In a summer of unnecessary sequels, a new Bourne movie seemed necessary. Or easily defensible, at least. After all, people liked the original trilogy. Director Paul Greengrass was returning. So was Matt Damon.
So now Jason Bourne’s coming out this Friday, with another CIA conspiracy to uncover, more tortured flashbacks, and a whole bunch of new backstory that conveniently didn’t come up once in any of the first four movies.
But maybe that’s being unfair. It’s been nearly 10 years since The Bourne Ultimatum. The filmmakers needed to figure out some way to yank Bourne back into the fold, and revealing new information about the amnesiac super-assassin’s past is better than coming up with yet another secretive team of super-powered killers. Ahem, Bourne Legacy, we’re looking at you.
Either way, nine years and one ill-advised, Damon-less sequel later, Bourne’s officially back. Here’s the lowdown on the state of the Bourne-verse these days.
Still great. Damon’s the actor equivalent of that badass one-punch KO that’s been all over the Jason Bourne trailers. (Fair warning: this scene is barely in the actual movie. Blink and you’ll definitely miss it.) After almost a decade on the lam, his Bourne is tortured, stoic and mostly silent — if you crunch the numbers, he’s got only about 25 lines of dialogue in the entire 123 minutes. And he still crushes it. Damon’s unlikely action hero has always been the best thing about this franchise, and still is.
Still shaking that damn camera every chance he gets. Greengrass’ signature aesthetic seemed revolutionary back in 2004 when he took over the Bourne franchise, inspiring a host of shaky-cam copycats, but the style’s always been a better fit in the filmmaker’s real-life thrillers (Captain Phillips, United 93, Green Zone) than his action movies. Sure, the technique lends a gritty, boots-on-the-ground realism during Jason Bourne’s Greece riot scenes. But when the camera’s still bobbing and weaving and randomly zooming when it’s just characters walking-and-talking or sitting around a boardroom table, it borders on outright parody. Enough already.
To be honest, it’s kind of a surprise Stiles is still here — somehow, her CIA analyst character went from almost being killed off in the Bourne Identity to becoming the lone non-Damon constant in the entire franchise. So how’d she do in this one? Not great, Bob. She still serves her purpose, providing a familiar face to draw Bourne out of hiding, kicking off the movie’s entire chain of events. But unless there’s some Special Analyst Nicky Parsons super-fans out there, her return isn’t nearly as big a selling point as Bourne’s.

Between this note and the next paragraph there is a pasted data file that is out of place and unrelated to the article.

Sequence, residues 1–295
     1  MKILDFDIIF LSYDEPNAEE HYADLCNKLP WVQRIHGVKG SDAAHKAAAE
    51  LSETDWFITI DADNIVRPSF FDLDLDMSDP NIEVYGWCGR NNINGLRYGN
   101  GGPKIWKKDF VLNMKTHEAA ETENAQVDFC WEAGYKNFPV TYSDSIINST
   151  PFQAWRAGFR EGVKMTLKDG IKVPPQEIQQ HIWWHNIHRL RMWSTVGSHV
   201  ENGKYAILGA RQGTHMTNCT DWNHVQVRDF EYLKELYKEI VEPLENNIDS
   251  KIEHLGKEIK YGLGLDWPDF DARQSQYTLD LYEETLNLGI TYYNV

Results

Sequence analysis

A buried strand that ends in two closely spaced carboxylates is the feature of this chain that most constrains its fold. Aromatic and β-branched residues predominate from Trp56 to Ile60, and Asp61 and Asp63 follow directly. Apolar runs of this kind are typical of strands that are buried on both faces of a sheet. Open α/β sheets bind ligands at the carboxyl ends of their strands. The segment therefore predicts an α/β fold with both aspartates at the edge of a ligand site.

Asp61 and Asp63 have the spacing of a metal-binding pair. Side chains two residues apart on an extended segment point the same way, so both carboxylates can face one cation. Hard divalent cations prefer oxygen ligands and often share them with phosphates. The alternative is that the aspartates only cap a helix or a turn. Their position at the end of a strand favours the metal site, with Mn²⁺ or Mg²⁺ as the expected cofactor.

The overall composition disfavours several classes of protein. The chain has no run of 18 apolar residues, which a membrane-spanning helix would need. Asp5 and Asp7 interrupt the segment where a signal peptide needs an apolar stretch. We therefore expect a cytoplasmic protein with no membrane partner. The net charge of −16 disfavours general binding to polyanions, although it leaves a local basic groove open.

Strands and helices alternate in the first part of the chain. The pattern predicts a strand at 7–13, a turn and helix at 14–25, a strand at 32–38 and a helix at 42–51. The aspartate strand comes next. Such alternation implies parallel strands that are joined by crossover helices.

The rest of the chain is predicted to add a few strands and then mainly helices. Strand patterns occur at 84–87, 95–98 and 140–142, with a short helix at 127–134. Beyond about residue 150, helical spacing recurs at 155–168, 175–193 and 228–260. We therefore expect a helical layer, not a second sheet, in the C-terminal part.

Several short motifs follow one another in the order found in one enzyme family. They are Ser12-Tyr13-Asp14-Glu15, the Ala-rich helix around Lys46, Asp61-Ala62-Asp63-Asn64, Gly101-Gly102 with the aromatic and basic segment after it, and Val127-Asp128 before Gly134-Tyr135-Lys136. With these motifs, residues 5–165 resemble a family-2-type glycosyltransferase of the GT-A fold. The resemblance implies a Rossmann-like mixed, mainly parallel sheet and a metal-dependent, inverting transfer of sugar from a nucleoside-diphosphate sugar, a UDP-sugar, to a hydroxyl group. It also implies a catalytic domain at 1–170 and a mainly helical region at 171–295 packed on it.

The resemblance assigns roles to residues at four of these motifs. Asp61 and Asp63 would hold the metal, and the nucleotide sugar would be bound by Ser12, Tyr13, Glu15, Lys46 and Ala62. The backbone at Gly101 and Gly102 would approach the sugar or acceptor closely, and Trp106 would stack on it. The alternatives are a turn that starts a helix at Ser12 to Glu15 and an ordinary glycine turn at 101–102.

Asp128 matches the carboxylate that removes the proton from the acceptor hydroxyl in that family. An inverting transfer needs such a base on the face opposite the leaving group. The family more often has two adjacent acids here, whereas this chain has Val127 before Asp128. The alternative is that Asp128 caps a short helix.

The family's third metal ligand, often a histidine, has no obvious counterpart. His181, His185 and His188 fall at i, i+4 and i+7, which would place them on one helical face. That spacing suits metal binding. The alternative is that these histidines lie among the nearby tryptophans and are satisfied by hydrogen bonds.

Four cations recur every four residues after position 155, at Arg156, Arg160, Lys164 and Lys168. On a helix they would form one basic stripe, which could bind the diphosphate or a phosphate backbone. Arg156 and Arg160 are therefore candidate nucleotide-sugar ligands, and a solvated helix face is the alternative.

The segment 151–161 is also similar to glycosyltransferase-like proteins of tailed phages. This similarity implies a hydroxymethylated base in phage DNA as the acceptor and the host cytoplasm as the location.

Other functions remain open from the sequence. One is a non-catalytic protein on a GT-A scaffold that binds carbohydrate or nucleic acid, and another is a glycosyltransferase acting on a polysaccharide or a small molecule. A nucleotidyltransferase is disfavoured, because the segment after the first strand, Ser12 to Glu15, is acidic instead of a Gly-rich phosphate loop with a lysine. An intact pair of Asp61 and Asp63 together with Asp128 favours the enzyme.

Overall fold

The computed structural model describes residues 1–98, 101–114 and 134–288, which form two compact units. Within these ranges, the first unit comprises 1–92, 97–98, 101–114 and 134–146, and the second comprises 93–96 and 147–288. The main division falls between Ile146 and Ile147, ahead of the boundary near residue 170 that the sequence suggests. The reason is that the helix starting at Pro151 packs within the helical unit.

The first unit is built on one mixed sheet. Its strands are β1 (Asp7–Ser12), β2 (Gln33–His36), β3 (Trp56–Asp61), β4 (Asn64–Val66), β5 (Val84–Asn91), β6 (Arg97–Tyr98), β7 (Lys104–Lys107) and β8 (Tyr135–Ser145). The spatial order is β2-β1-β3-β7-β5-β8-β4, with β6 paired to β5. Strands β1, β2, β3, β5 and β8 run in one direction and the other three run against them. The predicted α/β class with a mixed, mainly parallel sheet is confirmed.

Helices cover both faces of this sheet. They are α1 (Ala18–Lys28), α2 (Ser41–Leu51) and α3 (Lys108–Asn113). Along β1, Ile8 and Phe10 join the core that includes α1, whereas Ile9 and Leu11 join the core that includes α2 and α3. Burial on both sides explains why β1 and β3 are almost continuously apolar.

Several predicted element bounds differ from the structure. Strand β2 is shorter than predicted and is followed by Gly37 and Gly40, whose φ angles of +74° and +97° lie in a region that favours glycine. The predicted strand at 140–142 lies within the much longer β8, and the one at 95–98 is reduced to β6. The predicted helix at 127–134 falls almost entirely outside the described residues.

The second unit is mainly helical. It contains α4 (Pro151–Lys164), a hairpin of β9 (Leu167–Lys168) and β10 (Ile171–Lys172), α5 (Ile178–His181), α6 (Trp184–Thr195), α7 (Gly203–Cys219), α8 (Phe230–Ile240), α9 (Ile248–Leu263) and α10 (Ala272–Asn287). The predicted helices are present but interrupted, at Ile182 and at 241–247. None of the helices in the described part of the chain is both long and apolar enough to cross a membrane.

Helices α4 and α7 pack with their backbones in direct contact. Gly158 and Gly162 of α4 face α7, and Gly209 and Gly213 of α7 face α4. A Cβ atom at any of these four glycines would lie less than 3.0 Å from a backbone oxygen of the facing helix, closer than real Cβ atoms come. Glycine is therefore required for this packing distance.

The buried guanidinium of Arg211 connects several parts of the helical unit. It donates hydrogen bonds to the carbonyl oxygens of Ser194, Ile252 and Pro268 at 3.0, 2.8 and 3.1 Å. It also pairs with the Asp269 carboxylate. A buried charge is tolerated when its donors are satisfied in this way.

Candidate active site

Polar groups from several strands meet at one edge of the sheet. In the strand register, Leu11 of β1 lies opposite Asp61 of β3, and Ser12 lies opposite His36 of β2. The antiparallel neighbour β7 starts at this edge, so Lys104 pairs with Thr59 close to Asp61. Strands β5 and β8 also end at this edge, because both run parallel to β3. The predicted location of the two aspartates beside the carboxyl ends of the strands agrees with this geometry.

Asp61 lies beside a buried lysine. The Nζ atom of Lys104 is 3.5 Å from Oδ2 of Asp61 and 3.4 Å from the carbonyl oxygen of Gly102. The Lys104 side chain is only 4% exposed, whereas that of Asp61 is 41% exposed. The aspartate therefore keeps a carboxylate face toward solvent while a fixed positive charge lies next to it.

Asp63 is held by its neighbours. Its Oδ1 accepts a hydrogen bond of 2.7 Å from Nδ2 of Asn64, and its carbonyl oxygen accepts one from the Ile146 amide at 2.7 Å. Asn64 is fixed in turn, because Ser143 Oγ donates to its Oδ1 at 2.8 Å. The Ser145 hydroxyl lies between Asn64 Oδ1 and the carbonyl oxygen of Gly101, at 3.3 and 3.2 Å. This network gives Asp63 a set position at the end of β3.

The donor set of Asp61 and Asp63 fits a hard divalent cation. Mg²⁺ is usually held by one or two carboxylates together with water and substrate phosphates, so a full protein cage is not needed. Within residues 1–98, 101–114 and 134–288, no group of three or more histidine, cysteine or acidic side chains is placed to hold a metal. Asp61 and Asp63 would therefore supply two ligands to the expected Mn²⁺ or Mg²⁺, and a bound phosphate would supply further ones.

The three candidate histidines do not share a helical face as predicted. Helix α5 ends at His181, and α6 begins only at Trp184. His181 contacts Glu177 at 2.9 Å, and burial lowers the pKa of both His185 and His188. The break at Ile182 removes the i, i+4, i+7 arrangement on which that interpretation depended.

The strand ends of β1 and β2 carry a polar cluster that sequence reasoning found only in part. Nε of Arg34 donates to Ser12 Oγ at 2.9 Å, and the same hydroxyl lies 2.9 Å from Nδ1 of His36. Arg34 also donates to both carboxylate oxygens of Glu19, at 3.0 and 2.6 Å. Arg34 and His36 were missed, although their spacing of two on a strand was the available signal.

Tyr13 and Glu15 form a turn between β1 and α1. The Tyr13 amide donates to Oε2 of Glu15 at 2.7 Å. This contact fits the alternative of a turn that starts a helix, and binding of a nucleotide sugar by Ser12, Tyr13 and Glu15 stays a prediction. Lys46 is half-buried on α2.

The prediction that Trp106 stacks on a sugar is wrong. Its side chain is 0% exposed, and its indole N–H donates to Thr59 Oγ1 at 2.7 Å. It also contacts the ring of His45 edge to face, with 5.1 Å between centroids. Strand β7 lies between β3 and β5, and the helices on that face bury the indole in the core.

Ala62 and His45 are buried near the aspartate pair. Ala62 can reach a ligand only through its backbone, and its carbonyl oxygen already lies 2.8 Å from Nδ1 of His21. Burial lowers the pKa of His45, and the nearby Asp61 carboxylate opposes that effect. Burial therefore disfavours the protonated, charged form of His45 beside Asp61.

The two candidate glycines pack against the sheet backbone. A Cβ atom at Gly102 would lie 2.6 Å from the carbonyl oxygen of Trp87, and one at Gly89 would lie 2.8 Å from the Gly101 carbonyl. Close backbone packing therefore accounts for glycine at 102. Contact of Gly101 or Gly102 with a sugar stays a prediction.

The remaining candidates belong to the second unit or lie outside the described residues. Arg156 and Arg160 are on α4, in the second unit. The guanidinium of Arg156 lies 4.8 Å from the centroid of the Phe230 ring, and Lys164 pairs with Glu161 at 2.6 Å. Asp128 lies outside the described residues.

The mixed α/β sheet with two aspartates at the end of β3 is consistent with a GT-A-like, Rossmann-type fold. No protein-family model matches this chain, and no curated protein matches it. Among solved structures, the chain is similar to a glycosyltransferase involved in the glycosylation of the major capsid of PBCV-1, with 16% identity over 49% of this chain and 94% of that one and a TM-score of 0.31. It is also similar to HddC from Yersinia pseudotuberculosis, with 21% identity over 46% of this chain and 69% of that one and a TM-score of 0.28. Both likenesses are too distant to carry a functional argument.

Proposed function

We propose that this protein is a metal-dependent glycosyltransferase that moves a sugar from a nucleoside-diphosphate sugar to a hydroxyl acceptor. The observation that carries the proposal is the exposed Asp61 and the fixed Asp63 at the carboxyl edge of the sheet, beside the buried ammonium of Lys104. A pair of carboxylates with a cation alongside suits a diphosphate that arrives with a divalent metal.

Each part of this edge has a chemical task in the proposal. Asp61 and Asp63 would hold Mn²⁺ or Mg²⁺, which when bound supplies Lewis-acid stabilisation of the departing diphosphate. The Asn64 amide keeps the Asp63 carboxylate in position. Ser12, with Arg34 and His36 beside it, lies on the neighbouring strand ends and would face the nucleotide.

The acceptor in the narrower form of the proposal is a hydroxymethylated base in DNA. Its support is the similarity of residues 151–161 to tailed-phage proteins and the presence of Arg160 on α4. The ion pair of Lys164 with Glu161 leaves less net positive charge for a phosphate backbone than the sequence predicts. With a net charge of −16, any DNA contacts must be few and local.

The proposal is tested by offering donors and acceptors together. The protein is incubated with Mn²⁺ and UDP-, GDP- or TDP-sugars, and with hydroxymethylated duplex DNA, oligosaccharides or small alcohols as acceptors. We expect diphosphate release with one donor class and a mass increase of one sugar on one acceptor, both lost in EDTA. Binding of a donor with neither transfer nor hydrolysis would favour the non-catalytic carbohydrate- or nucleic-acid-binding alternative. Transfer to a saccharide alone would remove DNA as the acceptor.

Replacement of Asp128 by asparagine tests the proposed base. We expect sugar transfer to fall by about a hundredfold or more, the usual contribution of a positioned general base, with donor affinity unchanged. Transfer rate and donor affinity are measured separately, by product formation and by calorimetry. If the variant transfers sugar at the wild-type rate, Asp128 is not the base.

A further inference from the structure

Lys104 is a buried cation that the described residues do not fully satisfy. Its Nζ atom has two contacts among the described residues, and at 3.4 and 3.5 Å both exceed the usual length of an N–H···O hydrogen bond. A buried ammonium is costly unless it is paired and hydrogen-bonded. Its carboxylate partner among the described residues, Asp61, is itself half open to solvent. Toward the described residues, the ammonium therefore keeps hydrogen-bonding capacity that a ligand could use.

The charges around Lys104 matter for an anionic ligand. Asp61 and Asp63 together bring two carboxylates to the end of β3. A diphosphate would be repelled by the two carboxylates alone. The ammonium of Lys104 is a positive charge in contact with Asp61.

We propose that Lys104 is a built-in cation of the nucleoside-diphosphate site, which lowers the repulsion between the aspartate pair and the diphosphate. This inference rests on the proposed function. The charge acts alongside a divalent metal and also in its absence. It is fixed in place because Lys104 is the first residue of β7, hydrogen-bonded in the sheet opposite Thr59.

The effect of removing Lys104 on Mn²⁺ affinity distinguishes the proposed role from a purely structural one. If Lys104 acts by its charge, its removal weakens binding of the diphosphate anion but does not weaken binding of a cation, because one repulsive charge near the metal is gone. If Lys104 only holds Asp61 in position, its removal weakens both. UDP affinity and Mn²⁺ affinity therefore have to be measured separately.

Just kidding, everyone. Renner doesn’t get to do his “dumb Bourne” act in this one, unfortunately. In fact, no mention of the former Operation Outcome soldier is made, not even in passing. For all intents and purposes, Aaron Cross and The Bourne Legacy never existed. Supposedly, they’re both getting their own sequel in 2018, but yeah, we’ll believe it when we see it.
Shadowy Black Ops Teams
Still shadowy AF. This time, Bourne only has to go up against one fellow super-assassin, played by Vincent Cassel, who I could’ve sworn had already been in one of these movies, but apparently not. Either way, the CIA is still working on a number of shady projects, but it’s more about settling old scores with Bourne here; any new operations are squarely on the back burner. Rest assured though, we’re shown at least seven new top-secret paramilitary program codenames that are fair game for any/all future sequels.
Sleazy CIA Directors
The Bourne franchise’s burned through a lot of cranky older actors playing villainous CIA top brass — Brian Cox, Chris Cooper, David Strathairn, Scott Glenn, Stacy Keach. Now it’s Tommy Lee Jones’ turn to adopt a gravely voice and thing for killing Jason Bourne (because, reasons!). Jones does it all with his signature world-weariness — he’s just a guy who wants to be left alone to spy on our nation’s phones and computers in peace, OK? — and you know what? It totally works.
Hollywood’s new favourite “It Girl” gets to add yet another franchise notch to her belt, and the Oscar-winning actress is unsurprisingly great at breathing life into an otherwise stock character. (This is the type of role where she gets to shout “Enhance!” at a computer screen.) She’s less great at doing an American accent though, apparently going for “Texan, with a mouthful of cotton balls,” I guess? This is going to need some work for future movies, Bourne or otherwise.
Should They Do Another One?
The Bourne franchise is the closest we’ve got to an American Bond, but it’s hard to see this latest instalment re-invigorating the series the same way Fast Five or Mission: Impossible — Ghost Protocol did for their respective action franchises. Essentially, it’s just more of the same — shaky-cam fights, climactic car chases, Bourne vs. the CIA – without many new wrinkles. This is a movie that’s obsessed with the idea of bringing Bourne back into the fold, or killing him off if he says no. In the end, the franchise gets what it wants — Bourne is back! — and the CIA doesn’t. Which leaves us, where exactly? Back at square one again, with Bourne just trying to live his life and the agency unwilling to let him. So unless both can come up with a new plan of attack, maybe it’s time we all just let Bourne go.